I don’t recall many ads in the recent past which have kicked off such a huge debate as the new Airtel ad which went on air last week. If you are one to miss that, do watch it here. Twitterati is divided in the middle as to if the ad is reinforcing male/female stereotypes or breaking. Or for that matter if the ad is trying hard to be feminist when it is not and so on. As is the wont these days, when social media buzzes on something, can the main stream media be left far behind?? I must have pored into atleast 10 columns trashing or eulogizing the ad.
This is one interesting debate on TV !!!
While the ad breaks new ground in showing a successful woman who is giving stern work instructions to her male subordinate in the 1st half, in the second half, the same lady is shown as a better half cooking dinner for her husband who is incidentally the same subordinate at office. The common critical take in the social media is questioning this apparent stereotyping of women – as submissive where the lady inspite of being a successful career woman has to don the dutiful wife role at home and cook food. Coming on the heels of the now famous quote of Indra Nooyi that “Women can’t have it all” the response to this ad has been pretty predictable. Somehow the narrative of a successful career woman but cooking food for her partner at home has not been consumed well.
In all this debate on the ad what is being missed according to me is the strategy behind the narrative of the ad itself. Which is, to take a contrarian position, stir up a storm and be top of the mind for a good few days there by get more bang for the buck spent. And this trend in advertising has not started with this Airtel ad. This goes back quite a few years. In the past marketers were more circumspect in adopting this “Stirring up a storm” strategy to sell their products. So you saw this once in a while like the Liril waterfall ad of yore or the ad for Tuff Shoes where the models Milind Soman and Madhu Sapre were wearing just a snake and so on,..
But oflate, I guess marketers and their advertising counterparts have become more belligerent in adopting this strategy to hawk their wares and get their space under the Sun. So we now get see more and more ads which go against established stereotypes. As per me, in Indian advertising Balki of Lowe and his team has been one who have used this quite effectively and often. The Havells ads for fans usually go against the grain. Same for some of the “What an Idea, Sirji” commercials for Idea Cellular. The Jaago Re campaign for Tata Tea also I would say fall in this category of ads.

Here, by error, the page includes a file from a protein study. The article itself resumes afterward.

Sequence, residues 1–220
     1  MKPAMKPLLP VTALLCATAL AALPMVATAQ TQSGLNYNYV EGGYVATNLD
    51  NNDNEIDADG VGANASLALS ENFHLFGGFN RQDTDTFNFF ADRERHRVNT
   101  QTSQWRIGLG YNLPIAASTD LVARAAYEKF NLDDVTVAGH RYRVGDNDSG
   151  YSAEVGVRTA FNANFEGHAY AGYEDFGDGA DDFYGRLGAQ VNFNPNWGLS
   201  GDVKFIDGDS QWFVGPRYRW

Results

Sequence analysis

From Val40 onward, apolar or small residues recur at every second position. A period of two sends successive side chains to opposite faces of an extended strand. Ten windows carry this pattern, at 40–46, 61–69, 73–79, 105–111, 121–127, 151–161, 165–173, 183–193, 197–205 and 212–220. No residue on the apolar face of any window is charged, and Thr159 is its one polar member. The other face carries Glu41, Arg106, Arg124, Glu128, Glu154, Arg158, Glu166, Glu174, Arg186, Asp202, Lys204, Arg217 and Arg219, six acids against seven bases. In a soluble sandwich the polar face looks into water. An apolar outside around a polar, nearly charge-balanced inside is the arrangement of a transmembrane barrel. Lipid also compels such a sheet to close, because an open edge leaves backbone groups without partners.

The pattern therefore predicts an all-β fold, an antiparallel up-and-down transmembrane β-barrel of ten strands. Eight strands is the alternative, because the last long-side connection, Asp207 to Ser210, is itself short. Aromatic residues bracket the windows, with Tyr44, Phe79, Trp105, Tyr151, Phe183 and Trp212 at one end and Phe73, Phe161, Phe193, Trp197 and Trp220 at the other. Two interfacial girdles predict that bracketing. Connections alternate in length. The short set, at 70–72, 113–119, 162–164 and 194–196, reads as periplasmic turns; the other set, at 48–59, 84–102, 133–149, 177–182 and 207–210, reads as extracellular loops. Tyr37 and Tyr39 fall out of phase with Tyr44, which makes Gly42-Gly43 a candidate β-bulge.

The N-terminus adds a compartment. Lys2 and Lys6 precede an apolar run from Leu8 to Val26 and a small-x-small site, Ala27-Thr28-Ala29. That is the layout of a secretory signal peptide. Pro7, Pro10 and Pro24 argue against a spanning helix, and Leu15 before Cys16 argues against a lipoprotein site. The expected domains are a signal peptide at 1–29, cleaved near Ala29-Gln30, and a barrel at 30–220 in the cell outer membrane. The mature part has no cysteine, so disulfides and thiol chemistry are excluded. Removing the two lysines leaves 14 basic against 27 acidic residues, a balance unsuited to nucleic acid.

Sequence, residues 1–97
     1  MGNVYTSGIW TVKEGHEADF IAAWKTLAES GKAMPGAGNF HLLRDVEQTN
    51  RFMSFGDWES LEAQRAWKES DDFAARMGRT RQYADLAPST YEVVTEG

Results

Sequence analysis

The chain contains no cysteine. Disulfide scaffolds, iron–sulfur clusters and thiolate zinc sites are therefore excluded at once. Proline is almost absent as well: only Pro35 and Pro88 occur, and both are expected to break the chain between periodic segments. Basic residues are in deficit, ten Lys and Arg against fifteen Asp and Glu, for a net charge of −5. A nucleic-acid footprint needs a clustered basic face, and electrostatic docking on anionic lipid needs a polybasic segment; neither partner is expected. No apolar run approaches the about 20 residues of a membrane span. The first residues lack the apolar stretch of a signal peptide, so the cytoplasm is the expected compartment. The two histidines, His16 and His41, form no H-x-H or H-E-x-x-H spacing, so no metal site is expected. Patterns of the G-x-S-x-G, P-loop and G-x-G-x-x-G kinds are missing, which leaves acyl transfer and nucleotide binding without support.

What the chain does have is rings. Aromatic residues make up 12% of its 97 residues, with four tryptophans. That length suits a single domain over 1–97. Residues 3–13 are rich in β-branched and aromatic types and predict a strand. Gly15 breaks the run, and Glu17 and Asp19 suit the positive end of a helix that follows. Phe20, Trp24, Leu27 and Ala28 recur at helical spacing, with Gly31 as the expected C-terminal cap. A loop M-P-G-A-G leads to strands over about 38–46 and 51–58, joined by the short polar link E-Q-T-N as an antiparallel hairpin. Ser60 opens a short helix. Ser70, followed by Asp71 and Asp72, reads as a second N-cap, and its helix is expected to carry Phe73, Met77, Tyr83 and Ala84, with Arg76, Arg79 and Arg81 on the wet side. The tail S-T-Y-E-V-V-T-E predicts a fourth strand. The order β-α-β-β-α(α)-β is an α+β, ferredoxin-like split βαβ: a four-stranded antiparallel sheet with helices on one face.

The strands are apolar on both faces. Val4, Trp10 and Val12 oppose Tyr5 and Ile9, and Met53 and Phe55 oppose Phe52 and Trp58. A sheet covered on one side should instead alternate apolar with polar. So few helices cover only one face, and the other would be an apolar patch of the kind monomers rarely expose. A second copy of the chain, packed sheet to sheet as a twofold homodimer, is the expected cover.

Few months back, Tanishq the jewellery brand from Tata kicked off debate and interesting conversations in the media with their ad celebrating remarriage of a woman. Watch it here. Again clearly a story which charts new territory, (shows a dusky bride, bride walks along with a small girl to the mandap, the girl is her daughter, the groom carries the small girl along while doing the pheras,…) sparks a huge debate and eventually garners a lot more interest for the brand. (Incidentally Lowe has been the agency behind all these campaigns!!!)
This recent ad for Brooke Bond Red label tea by Ogilvy India is another example of going against the tide to garner attention. The Hindu-Muslim plot (normally avoided in commercials) in the story is the new twist. There is always this threat of a strong over powering story shadowing the brand itself in ads. Like in this case while I remembered that it was a tea ad, had to drink few cups and wake myself up to recall the brand 😦 😦 This happens.
Recently, the series of ads for Kaun Banega Crorepati (KBC) by Leo Burnett India have also been treading this path and have met with a lot of keen interest. The two spots I saw (see here and here) as part of the campaign shatter established stereotypes. Not that great ads are required to evince interest in a successful show like KBC with Amitabh Bachchan as the anchor. But I guess they also have to sustain the interest after so many seasons.
Coming back to the Airtel Ad conceived by the agency Taproot India, my own view is that it is a sweet ad, executed very well. There is nothing in the ad which goes against woman as the social media debates make us to believe. As per me, there is nothing regressive in a woman cooking and as long as she wants to cook a nice meal and enjoys what she does (like it is shown in this TVC) to demonstrate her love to her hubby, there is nothing wrong. Same is true if its vice versa – husband cooking at home. I have to allude here to my earlier post – By hook or Cook!! here 🙂 🙂
So want your ads to work big time? Take a contrarian position, stir up a storm and the idle armchair minds in the social media (me included) will debate and do the needful for you. As far your brand, with all the unpaid buzz around the ad, will laugh its way to the coffers. That’s some home cooked food for thought 🙂 🙂 🙂
P.S: Now, only if Airtel can make their network as effective as their ads 😦 😦